Ban will be effective within Kathmandu valley
|The government of Nepal will ban peaceful public gatherings and assemblies within Kathmandu valley beginning April 5 until further notice. But on April 4, I witnessed a number of incidents in which people were barred from exercising their right to protest peacefully.
The ban, coming just a day ahead of the four-day long strike planned by the seven political parties’ alliance (SPA), will be in effect inside the ring road, which covers the king’s official residence, Narayanhity Palace, the ministers’ residences, army and police headquarters, and almost all the important places in the capital and the adjoining city of Lalitpur.
Kathmandu’s campuses were tense today. Shanker Dev campus, located near the city buspark, suffered the most. Police forcibly entered the campus precincts and, according to one student leader, Ananda, used “extreme force.” “They baton-charge students who were simply there to receive examination entrance cards.” They arrested at least 25 students.
Similarly, Tri Chandra campus, located near Narayanhity Palace, Amrit Science College, and Pashupati campus were tense as police and agitating students pelted each other. Students burned effigies of the autocratic ruler.
I was on the scene in Baghbajaar. In front of the country’s largest girls-only campus, Padma Kanya campus, as women tried to burn effigies, police intervened and took them away. There was a brief, tense question-and-answer session between police officers and students. “We are ladies and you have to call lady police to deal with us,” they demanded.
After that, the police simply sat aside, while students shouted “graphic” slogans against the king and crown prince and the autocracy. They burned paper and wooden boxes, causing traffic congestion, but the police did not intervene.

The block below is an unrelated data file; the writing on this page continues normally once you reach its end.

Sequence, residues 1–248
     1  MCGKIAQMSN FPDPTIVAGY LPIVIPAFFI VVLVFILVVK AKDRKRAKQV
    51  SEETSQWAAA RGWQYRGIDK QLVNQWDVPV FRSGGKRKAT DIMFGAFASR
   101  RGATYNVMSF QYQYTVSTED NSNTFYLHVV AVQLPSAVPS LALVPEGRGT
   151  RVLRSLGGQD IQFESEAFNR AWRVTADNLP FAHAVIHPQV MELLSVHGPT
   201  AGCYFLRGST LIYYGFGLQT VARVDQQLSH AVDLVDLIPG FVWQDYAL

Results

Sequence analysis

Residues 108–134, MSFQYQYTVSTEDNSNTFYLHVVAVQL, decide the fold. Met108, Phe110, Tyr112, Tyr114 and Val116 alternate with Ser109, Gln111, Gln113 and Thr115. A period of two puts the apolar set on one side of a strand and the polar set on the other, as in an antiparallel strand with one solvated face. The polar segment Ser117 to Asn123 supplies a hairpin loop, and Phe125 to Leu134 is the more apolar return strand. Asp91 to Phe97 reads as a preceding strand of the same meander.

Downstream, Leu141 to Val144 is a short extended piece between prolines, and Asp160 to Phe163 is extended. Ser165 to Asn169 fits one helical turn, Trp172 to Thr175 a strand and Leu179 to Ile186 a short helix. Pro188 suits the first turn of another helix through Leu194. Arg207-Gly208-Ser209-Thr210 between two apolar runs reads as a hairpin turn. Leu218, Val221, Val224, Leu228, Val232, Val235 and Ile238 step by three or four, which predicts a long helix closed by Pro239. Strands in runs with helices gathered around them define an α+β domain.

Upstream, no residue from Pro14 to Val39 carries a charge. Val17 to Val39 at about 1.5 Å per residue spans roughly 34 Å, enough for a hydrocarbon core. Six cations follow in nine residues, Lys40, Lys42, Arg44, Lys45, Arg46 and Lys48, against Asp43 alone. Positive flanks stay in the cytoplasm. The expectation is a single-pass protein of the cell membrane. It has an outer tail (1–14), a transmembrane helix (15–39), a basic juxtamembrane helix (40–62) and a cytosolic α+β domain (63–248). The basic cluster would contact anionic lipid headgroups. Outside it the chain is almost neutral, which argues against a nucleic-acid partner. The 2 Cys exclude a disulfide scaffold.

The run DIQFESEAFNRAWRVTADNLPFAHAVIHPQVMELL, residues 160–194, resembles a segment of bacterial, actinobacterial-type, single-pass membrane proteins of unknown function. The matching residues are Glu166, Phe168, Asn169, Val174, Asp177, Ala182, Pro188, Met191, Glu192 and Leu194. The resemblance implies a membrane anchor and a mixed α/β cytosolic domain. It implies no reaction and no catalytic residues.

Tika Chaudhary, student union leader, told me that they would continue to protest until this autocratic regime collapsed.
Police barred those who were organizing a motorcycle rally from Kasthamandap to publicize SPA’s four-day strike, beginning Thursday. Likewise, police arrested 36 people from New Baneshwor who were peacefully protesting against autocratic rule.
The government claimed that it has received information that Maoists are planning to infiltrate the SPA movement and hence vowed not to let the programs proceed as planned. The SPA rejected that and claimed the government itself plans to infiltrate its peaceful program and spawn violence.
Maoists announced a ceasefire on Monday, April 3, within Kathmandu valley until further notice. But Interior Minister Kamal Thapa today claimed that the ceasefire is just a “cheap publicity stunt” of “terrorist” Maoists. He said the government would take all possible steps to head off their program.
It is widely believed that the government will clamp on a curfew order to foil the SPA’s peaceful protest program and will cut telephone landlines and mobiles.
|©2006 OhmyNews Published 2006-04-05 07:53 (KST)|